View Full Version : Major problem with tenant... now refusing to let me in! Advice please

03-10-2011, 21:28 PM

I have a house that i rent out. The current tenants signed a 6 month lease and 5 months into the lease they gave me a months notice as they had been offered a housing trust property. I was kind and agreed to this and they then asked me to use their deposit (£500) as their final months rent. I also agreed to this.

I put the house back up for rent and they agreed to let any viewers in to have a look.

3 weeks later they contact me to say the house they were meant to be moving to had fallen through and if i didnt have a new tenant, could they stay longer in my house. As we had not found anyone i sad yes and did ask that they stay til at least xmas so as i wasnt left with an empty house during the most expensive time of the year and they agreed to this.

I did say to them however, that i wanted to put the house on the market for sale as i just wanted to get rid of it (after 5 years of crazy tenants!) and they said this was fine.

The house is not officially on the market yet but i have had it valued and the estate agent was due to go in this wednesday to take photos. In the meantime through word of mouth i had 2 couples interested in viewing and the current tenants agreed for me to go round yesterday for the people to view it.

one couple want the house but need to get a deposit together so have agreed to sign a 2 yr lease which i was happy with.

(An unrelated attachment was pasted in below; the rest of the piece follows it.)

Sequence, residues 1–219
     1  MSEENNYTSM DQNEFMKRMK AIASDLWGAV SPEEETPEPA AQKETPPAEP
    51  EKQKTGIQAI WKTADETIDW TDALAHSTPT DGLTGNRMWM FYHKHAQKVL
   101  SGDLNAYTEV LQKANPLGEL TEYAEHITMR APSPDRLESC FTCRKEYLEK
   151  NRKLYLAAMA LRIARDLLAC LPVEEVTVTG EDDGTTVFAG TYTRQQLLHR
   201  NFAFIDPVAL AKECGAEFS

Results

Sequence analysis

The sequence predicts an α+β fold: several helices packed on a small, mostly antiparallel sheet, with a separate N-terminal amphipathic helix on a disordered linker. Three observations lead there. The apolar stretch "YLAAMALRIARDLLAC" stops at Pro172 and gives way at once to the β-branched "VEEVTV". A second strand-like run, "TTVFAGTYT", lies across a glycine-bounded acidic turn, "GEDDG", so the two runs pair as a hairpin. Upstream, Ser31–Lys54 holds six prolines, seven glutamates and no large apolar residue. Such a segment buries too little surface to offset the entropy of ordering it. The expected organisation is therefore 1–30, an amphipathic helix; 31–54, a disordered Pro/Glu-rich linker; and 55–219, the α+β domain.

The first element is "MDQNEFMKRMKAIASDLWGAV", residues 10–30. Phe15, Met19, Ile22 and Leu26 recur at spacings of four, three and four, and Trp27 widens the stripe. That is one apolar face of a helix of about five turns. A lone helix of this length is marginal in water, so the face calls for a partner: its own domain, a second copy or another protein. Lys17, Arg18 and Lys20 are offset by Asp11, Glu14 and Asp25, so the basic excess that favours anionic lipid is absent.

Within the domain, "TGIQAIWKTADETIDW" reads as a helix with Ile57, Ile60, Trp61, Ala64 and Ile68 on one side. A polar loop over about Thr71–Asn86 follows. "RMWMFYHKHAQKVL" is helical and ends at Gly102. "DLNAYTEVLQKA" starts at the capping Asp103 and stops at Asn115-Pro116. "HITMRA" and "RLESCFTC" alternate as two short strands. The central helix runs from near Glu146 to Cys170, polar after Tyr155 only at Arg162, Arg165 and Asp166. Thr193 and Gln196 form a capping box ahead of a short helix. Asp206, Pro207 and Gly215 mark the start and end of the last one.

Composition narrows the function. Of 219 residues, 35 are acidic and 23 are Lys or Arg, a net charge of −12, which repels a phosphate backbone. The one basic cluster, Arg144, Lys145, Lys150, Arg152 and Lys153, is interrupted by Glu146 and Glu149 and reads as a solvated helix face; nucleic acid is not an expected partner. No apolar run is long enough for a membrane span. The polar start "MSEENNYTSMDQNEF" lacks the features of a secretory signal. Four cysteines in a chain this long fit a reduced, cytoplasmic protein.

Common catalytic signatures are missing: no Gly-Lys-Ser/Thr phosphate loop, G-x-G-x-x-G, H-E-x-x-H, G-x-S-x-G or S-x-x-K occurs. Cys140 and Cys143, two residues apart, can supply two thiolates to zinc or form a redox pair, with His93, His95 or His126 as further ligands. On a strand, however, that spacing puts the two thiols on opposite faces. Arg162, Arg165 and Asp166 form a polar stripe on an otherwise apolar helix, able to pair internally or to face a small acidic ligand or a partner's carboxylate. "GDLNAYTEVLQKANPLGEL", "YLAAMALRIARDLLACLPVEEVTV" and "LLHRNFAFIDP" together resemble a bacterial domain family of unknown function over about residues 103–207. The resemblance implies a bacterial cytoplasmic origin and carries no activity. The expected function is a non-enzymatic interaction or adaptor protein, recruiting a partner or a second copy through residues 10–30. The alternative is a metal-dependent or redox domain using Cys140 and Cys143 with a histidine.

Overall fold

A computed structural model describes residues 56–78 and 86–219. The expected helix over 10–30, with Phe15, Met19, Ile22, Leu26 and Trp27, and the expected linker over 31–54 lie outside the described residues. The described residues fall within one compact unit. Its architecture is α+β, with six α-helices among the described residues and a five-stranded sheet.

I have tonight emailed the current tenants to give them a months notice (their 6 month lease is up on 15th oct) and they have flipped!

They are saying that i agreed in an email to let them stay til at least xmas, which i did, but is this a legally binding document or can i boot them out when their lease ends??

They agreed for me to put the house up for sale so they would have known that the house could sell quickly (but not really in current situation!!) but its a possibility.

They are now refusing to let me go in the house on wed for the estate agents to take pics as it is meant to be going on the market anyway.

Also where do i stand as they now have no deposit? Obviously if they damage the house then i lose out, i dont think they will do this but if they have no deposit now can i pull them up about this?

Please help as i dont know what to do. Im just a normal person with a house i couldnt sell so i rented it out... im not a professional landlord!!

Thanks in advance!

Baglady :(think):

mind the gap
03-10-2011, 21:36 PM
First, you are legally required to give your tenants TWO months' written notice requiring possession, to expire after the last day of a rental period. The one month's notice you gave them is invalid. You need to start again. Give us the start date of their original AST and we will advise you when the new notice will expire if you serve it now.

Unfortunately, not being a 'proper' landlord is no excuse. You need to be au fait with your tenant's rights whether or not you consider yourself a 'professional'.

The tenant can refuse you access for viewings, etc. - you would have to get a court order to enforce any clause in the contract which allows you to go in for any reason other than dire emergency.

It is best in these circumstances to try to stay on good terms with your T and not force issues, however if things get ugly you may come to regret allowing them to use the deposit as rent. You are dependent on their authorising the DPS to release it to you. Have they done that already?